Writing a better creative brief
Creative Tips From a Creative Leader - Part 1
One of the first steps before kicking off a marketing project with a creative team is writing the creative brief. If you work in marketing, advertising, or design, chances are you’ve used creative briefs before. These documents are essential in guiding the creation of successful projects. They act as a roadmap that takes a project from ideation to completion, and contain critical information such as target audience, due date, and creative objective. But what else goes in to crafting the best brief?
As a creative leader, I rely on the creative brief to be my single source of truth for a project. If I have a question about tonality or messaging, it’s the first place I’ll go for an answer. At Pragmatic, we usually rely on the account team to write the brief, which makes sense since these folks are the go-between from the client to creative team. They’re most familiar with our clients’ businesses, objectives, and strategies; and will usually write the brief after meeting with a client to kick off a project. So, in essence, the creative brief is a contract between agency and client that states the objectives of our mission and the necessary building blocks to get there.
If you ask the internet, you’ll find dozens of creative brief templates to help get you going. I’ve found the good ones typically contain these 11 necessary sections:
Contacts – The team players who are responsible for reviewing and approving the project creative.
Project details – The format(s) the project will take; i.e. postcard, digital ad, landing page, etc.
Specs – Format dimensions and/or file size requirements, number of pages, colors used, etc. This is also where you might point your designer to any existing templates needed to design the project.
Background – What has happened up to this point to get us where we need this new project created? What creative deliverables already exist around this campaign?
OBJECTIVE – This is a biggie, the real rai·son d'ê·tre for creating this project. It essentially boils down to this: What are we trying to accomplish with this communication? What is our main message?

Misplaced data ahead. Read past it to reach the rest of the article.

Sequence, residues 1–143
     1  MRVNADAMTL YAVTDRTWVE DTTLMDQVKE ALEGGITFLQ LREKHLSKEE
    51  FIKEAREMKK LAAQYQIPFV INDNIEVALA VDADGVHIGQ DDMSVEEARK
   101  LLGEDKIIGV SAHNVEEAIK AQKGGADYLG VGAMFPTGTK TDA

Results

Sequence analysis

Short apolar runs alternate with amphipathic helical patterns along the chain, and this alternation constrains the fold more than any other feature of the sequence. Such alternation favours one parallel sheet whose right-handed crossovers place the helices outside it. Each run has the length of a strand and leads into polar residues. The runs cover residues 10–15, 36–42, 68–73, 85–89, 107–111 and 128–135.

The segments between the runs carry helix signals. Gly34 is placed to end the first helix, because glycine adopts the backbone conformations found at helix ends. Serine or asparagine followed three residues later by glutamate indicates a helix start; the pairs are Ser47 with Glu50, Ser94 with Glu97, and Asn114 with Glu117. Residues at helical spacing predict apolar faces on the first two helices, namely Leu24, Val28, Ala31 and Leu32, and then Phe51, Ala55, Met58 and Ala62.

CTA (Call to Action) – What is the specific action we want our reader to take? Call the 1-800 number? Scan the QR code? Download the app? If there’s more than one CTA, be clear on which one takes priority.
Messaging points – Here is where we might bring in supporting points to the Objective. In other words, what other messages need to be included that back up what the main message claims?
Target audience – To effectively communicate, it’s essential to know who you’re talking to. Demographics as well as audience pain points are helpful here.
Tone – Should we sound serious, matter-of-fact? Or more friendly and humorous? Defining the tone is helpful for both writer and designer to capture the message accurately.
Mandatories – Here is where we’d list any knowns that must be included in our deliverable. Is there a new logo? Maybe a sub-set of the brand colors that correspond with this product line? Or specific wording that the CEO favors?
Timeline – Schedule of review dates, presentation date, and drop-dead delivery date should all be included here.
So now that we know the basics of the brief, what tips and tricks can we employ to take our brief to the next level? The best briefs I’ve found keep these 3 things top-of-mind:
Keep your brief brief
The creative brief isn’t a dumping ground for any and all information. If you’re writing a brief, resist the urge to just copy and paste from other documents. Be selective and ask yourself “is this info necessary and relevant for this particular project?” Keeping your brief easily scannable will be greatly appreciated by your busy team.
Use plain language.
I can’t tell you how many briefs I’ve read that have left me scratching my head and wondering “what does that even mean?” A great rule of thumb is to approach your brief as if you’re writing it for a student or novice to the industry. Don’t litter your brief with obscure acronyms that your creative team may not know. Define all necessary industry terms and remember, if no one can understand your brief then chances are no one will understand the resulting creative.
Don’t be afraid to include previous creative samples
Sometimes clients are hesitant to share old creative samples relating to your project. They fear that the creative team will take the old sample and simply rejigger it, leaving them less than impressed. While it’s an understandable fear, rest assured that most writers and designers are determined to improve and evolve, not repeat and regurgitate. Previous creative samples can be super-helpful in getting started. Knowing what the target audience (and internal stakeholders) have already seen helps steer where to go next. Whether the old sample received good or bad results, it can be greatly beneficial in directing your team to take what’s working and re-invent the rest.
So that’s it. Taking the time to do it right is helpful for all stakeholders in the creative process. Keep these points in mind when writing your next creative brief and get ready to have your expectations exceeded—and garner greater results.